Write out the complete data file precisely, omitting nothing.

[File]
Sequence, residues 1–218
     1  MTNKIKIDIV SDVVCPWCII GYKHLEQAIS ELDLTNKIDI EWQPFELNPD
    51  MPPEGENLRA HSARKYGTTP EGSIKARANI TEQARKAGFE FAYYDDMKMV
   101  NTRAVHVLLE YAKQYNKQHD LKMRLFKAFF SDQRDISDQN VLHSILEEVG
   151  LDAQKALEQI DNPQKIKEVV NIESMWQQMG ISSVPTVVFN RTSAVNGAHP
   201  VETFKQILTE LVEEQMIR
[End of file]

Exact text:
Sequence, residues 1–218
     1  MTNKIKIDIV SDVVCPWCII GYKHLEQAIS ELDLTNKIDI EWQPFELNPD
    51  MPPEGENLRA HSARKYGTTP EGSIKARANI TEQARKAGFE FAYYDDMKMV
   101  NTRAVHVLLE YAKQYNKQHD LKMRLFKAFF SDQRDISDQN VLHSILEEVG
   151  LDAQKALEQI DNPQKIKEVV NIESMWQQMG ISSVPTVVFN RTSAVNGAHP
   201  VETFKQILTE LVEEQMIR